2.2 JUSTICE acknowledges that harmonisation at EU level in any of these highly sensitive areas has inherent dangers for individual rights. For instance, many non-governmental organisations concerned with asylum are increasingly concerned that greater adherence to the practices of the dominant EU member states may lead to further deterioration in domestic humanitarian standards including a loss of transparency, accountability and judicial supervision. However, the practical realities are such that the UK cannot effectively afford to opt out of a common system on migration and asylum. To give an example: with visa regimes, carrier sanctions, and increasing port surveillance at the place of embarkation, many asylum seekers arrive in the UK overland. They travel through Europe by lorry, coach, ferry or train. In order to make sense of a regional policy, common measures are needed on such questions as to who requires a visa, what constitutes a false visa, what detection measures are necessary at the border, particularly at ferry terminals, to prevent unauthorised access.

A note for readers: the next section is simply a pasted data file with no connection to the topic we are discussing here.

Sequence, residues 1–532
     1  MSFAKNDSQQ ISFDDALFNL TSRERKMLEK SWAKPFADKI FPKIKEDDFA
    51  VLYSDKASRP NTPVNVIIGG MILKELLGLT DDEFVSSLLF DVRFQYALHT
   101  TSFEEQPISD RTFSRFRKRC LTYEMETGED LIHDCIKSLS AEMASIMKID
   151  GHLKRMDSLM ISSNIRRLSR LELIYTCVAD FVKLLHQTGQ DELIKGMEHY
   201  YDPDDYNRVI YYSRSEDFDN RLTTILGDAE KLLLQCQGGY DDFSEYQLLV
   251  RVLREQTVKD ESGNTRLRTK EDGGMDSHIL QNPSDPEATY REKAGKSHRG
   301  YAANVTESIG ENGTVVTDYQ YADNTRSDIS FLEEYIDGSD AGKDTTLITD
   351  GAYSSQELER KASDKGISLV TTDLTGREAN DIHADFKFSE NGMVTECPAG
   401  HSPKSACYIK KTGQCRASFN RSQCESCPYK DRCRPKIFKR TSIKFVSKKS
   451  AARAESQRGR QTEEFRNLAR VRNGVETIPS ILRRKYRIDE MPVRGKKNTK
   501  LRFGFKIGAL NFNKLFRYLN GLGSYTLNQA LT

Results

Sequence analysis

2.3 Once it is accepted that the UK has little option but to participate in a common system, JUSTICE believes that this should be from an opted-in position under Community law. We reach this conclusion on a number of grounds.

To influence policy under Title IV

  2.4 Although the UK could take part in a common asylum system, for example, on the basis of bilateral agreements with the rest of the EU member states, these agreements would inevitably have to shadow the measures already adopted in Title IV. In these circumstances, the UK would not have had the advantage of formulating the policies. The direct influence of the UK is important if progressive proposals, rather than the minimum, are to be achieved. In particular, common and more generous measures need to be identified in areas such as the admission of visitors, the issue and review of refusal of visas and the criteria for family reunification and admission of other dependants.

  2.5 Title IV would also seem to provide a better framework for introducing positive rights in these areas. Up to now, the common measures agreed inter-governmentally under the Third Pillar have been to extend visas, restrict the permissible purposes for migration and, for example, ensure tougher sanctions against employers of those without work permits. Little has been done to achieve positive rights of free movement for EU residents. For example, important questions remain unresolved as to the rights of lawfully resident third country national workers, the residence rights of EU nationals and their families who are not undertaking economic activities; and the position of self-employed persons under the Europe Agreements.